‘We will advance knowledge through exemplary academic liaison and outstanding interdisciplinary research.’ – Archives Inspire
At The National Archives, we don’t just study what the documents housed here say. Technical analysis of the materials that make them also allows us to glimpse future possibilities for research.
Analysis of the will of William Shakespeare, for example, in preparation for the By Me William Shakespeare exhibition, has focused on both the ink and the paper. This may help divine different stages of the process of drafting and issuing individual records.
From an earlier period, parchment analysis may reveal not only the species of animal from which pages were made (often sheep or goat but occasionally deer and other animals) but also the diet and condition of the animal at slaughter; telling us more about medieval chanceries and the locations from which they got their equipment.
Work of this nature will improve our knowledge about the physical and ritual processes of authenticating individual authority and wishes in pre-modern England. It may also allow us to tap into research networks and other key material history projects currently underway, such as IMPRINT, which aims to analyse finger- and palm-prints on medieval seals to discover more about sealing practices.
Quite literally, we are only starting to scratch the surface of what the materials in our collection can tell us.
Deciphering wax seals
Perhaps the most challenging, yet rewarding, such research for me has been the Wax Seals Project. This combines the archivist’s descriptive skills and insight into provenance, symbolism and administrative practice, with methodologies employed by technical historians, analytical scientists and conservators
It is a collaboration between a medieval historian, a sigillographer (a seal expert – remember ‘King Ottokar’s Sceptre’?) and a heritage scientist. The aim is to discover more about seals and sealing practices – what the materials embodying sealed records in the medieval period can tell us about authenticating personal authority, status, ritual and administrative practice that the text cannot.
For decades, seals have been catalogued and described, their dimensions and colour noted. But other aspects, such as the wax and resin embodying the seal, or the cords or tags with which seals were attached to the documents, have taken a back seat. The Wax Seals Project has attempted to begin to address this imbalance.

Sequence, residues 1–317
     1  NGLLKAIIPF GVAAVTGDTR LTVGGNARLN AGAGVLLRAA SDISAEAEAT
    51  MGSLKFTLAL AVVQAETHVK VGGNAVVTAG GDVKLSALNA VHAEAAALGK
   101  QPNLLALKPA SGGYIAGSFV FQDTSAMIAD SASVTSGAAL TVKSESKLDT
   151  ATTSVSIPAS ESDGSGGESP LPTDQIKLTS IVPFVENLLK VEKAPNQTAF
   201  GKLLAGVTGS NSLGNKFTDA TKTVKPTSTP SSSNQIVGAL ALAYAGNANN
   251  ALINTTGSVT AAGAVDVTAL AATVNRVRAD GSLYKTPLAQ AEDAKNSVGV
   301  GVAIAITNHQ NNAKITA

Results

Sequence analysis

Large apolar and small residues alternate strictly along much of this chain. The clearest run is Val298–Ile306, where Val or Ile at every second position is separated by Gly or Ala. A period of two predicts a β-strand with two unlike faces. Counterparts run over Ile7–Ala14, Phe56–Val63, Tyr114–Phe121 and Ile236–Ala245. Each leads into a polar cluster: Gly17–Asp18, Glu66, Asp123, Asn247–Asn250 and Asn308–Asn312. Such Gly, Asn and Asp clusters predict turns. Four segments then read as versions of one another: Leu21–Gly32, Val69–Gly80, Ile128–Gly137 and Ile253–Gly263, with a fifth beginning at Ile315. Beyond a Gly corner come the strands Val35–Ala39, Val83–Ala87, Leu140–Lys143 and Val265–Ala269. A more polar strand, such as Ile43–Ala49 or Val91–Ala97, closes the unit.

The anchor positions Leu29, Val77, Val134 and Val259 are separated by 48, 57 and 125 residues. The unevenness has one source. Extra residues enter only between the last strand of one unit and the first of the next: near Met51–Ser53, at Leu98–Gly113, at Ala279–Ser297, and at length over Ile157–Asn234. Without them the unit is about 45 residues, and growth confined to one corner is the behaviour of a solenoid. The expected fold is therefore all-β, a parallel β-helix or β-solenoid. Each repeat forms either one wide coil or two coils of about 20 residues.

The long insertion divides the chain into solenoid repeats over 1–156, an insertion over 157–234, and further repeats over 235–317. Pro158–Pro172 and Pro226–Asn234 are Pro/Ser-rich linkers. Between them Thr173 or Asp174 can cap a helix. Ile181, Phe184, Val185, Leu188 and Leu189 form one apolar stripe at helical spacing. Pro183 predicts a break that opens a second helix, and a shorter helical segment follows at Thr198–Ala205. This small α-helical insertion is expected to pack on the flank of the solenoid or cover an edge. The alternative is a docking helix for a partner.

Size and colour of seals
We have developed a new, more accurate methodology for measuring seals, which can prove crucial in differentiating between the Great Seal of England (used by the sovereign) and the seals of government departments.
Variations in colour, which is often a determinant of status and quality, can be achieved through different levels of pigmentation and wax preparation. Green could be produced without the addition of verdigris (the copper-containing pigment) by melting natural beeswax in a copper vessel, allowing it to oxidise. Practically, this implies seals could be produced quickly and cheaply – important for the itinerant medieval court.
Seals and their cords
Seal cords conceal much information about status and sealing practice. For example, on the 1301 letter of the barons of England to the Pope, the 180 seals are strung onto sixteen different types of cord, differentiated by colour and braiding technique. The methods by which cords are knotted to the parchment vary widely and suggest gradations of quality and status of the recipient.
The arrangement of seals on cords on documents with more than one seal may give important clues as to how documents were prepared for issue. Were they planned out carefully before drafting? Were clerks working in a haphazard manner with little direction? These are questions our analysis addresses.
Having joined The National Archives as a Medieval Records Specialist in the Advice and Records Knowledge Department in 2014, one of the most rewarding aspects of my role has been to work with people in fields outside my own. Collaboration with colleagues with often vastly different experience, skill-sets and, let’s face it, mind-sets, is fundamental to everything we do and ensures compliance with our primary legal and administrative functions. Interdisciplinarity is the royal road to scholarly innovation.
You can find out more of the finer details of the project in our podcast, ‘Materiality matters: new approaches to medieval wax seal studies‘.